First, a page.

‘Tis the season of war- the ‘War on Christmas’.
This is the time of year when, traditionally, conservative media outlets employ that phrase to describe what they see as a supposed marginalization of Christmas and a relentless attack against Christmas symbolism, greetings, displays, and spirituality.
Their goal in calling this out, they say, is to restore Christmas to its rightful position as a Christian holiday in a Christian America. They seek to do away with the secular trappings of Christmas, as well as any supposed encroachment from other holidays such as Hanukkah, Kwanzaa, or simply more secular expressions of the holiday season.
This year, these ‘Christmas warriors’ got an incredible boost in the form of a powerful new general… actually, a new Commander-in-Chief: the President himself.
Speaking at the Values Voter Summit in Washington, D.C. last October, President Trump declared:
We’re getting near that beautiful Christmas season that people don’t talk about anymore. They don’t use the word Christmas because it’s not politically correct. You go to department stores and they’ll say ‘Happy New Year,’ or they’ll say other things and it’ll be red, they’ll have it painted. But they don’t say — well guess what? We’re saying merry Christmas again. Merry Christmas. So, merry Christmas everyone.
So… Where to begin?
With all due respect to the President and the rest of the ‘Christmas warriors’, I think that if you can get from 1 November to Christmas Day in the US and honestly feel that Christmas display, music, TV shows, media, and greetings are somehow being suppressed, you are delusional…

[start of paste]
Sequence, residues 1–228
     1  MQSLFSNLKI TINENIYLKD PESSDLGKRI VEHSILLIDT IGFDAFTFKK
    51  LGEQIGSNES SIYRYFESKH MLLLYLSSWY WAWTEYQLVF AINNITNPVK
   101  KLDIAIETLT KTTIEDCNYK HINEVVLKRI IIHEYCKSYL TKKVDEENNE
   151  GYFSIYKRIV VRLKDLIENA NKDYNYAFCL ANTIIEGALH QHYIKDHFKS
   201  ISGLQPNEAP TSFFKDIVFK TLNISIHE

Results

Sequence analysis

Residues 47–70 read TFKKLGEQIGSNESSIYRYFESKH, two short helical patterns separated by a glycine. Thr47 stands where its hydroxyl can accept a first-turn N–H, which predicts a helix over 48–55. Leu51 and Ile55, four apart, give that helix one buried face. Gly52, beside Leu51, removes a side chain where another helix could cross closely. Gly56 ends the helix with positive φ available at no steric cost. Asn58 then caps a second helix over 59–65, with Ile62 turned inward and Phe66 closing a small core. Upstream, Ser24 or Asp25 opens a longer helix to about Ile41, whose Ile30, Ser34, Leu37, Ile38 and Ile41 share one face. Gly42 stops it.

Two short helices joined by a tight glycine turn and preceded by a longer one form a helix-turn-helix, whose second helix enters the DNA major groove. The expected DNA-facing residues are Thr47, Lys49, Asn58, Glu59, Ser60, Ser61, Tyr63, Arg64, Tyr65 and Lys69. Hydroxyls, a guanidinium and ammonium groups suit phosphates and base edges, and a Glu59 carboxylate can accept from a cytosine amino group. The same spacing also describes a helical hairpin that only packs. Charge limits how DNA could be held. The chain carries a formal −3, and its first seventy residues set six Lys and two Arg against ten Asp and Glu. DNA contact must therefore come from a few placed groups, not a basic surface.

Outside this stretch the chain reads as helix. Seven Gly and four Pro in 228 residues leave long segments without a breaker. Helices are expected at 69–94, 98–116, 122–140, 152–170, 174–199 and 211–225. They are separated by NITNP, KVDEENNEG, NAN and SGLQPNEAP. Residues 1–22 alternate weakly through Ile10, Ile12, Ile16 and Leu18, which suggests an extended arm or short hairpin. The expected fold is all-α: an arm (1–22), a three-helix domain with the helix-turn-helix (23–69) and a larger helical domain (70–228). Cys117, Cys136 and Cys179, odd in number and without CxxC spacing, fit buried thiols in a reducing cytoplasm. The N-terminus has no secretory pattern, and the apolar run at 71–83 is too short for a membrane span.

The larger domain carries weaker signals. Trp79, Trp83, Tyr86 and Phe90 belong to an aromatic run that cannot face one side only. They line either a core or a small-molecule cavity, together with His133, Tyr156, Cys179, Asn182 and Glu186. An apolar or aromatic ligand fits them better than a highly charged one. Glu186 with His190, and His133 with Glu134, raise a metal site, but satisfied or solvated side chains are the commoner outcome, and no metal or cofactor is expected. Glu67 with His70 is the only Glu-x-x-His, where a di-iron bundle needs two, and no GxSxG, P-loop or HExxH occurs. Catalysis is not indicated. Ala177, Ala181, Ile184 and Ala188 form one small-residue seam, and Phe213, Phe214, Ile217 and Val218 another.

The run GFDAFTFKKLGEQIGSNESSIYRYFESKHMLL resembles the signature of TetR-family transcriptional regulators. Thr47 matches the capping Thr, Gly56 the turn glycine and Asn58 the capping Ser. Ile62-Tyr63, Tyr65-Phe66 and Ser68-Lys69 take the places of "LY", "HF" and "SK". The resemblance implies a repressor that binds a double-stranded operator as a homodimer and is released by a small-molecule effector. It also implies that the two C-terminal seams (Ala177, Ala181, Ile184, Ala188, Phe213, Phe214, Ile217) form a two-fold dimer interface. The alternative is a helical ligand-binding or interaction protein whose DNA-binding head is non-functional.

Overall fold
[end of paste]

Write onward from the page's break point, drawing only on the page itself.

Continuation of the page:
Not to mention the fact that all the talk of defending Christmas from marginalization vanishes right after New Year, despite the fact that Christmas is not yet over.
According to the Christian liturgical calendar, the season of Christmas runs from Christmas Day through to the Feast of the Baptism of John the Baptist on 9 January. Indeed, Orthodox Christians don’t even start celebrating Christmas until 6 January, the Feast of the Epiphany. Yet all over the nation, right after New Year’s Day, Christmas decorations disappear from public buildings, banks, post offices, and schools; carols and Christmas songs are dropped from radio playlists; Christmas shows are axed from prime time; even most Christian media doesn’t mention Christmas after the first of January…
And the ‘Christmas warriors’- including now the President of the United States- don’t care… I wonder why…
Oh, never mind…
Of course, the ‘War on Christmas’ is absurd, as is any notion of Christianity in the US being marginalized or in danger of disappearance.
Christianity is extraordinarily influential in America; 83% of the both houses of Congress are professing Christians (if you factor in Mormons, it rises to 87%); the Supreme Court is 67% professing Christian (6 out of 9; the three remaining are Jewish, so the ‘Judeo-Christian’ corner is fairly well-defended); every single US President since the foundation of the nation has been a professing Christian; and 73% of the country overall are professing Christians.
Those kinds of numbers don’t point to Christianity in America being- or becoming any time soon- a marginalized or persecuted minority…
The ‘Christmas warriors’ don’t care about those statistics, or at least conveniently ignore them, because the ‘War on Christmas’ rhetoric is only one factor in the larger project of maintaining the social and political dominance of one manifestation of Christian culture- Evangelical, conservative, overtly American, consumerist, and white.
‘Christmas warriors’ aren’t interested in equality; the ‘War on Christmas’ is about dominance and control.
That’s why, to them, fighting against the ‘War on Christmas’ is indeed a ‘war’. It is a ‘zero-sum’ battle where every Hanukkah menorah, greeting of ‘happy holidays’, the mere mention of Kwanzaa or- God forbid it fall in December- Ramadan is an attack on Christmas and Christianity.
The ‘War on Christmas’ is a war for supremacy…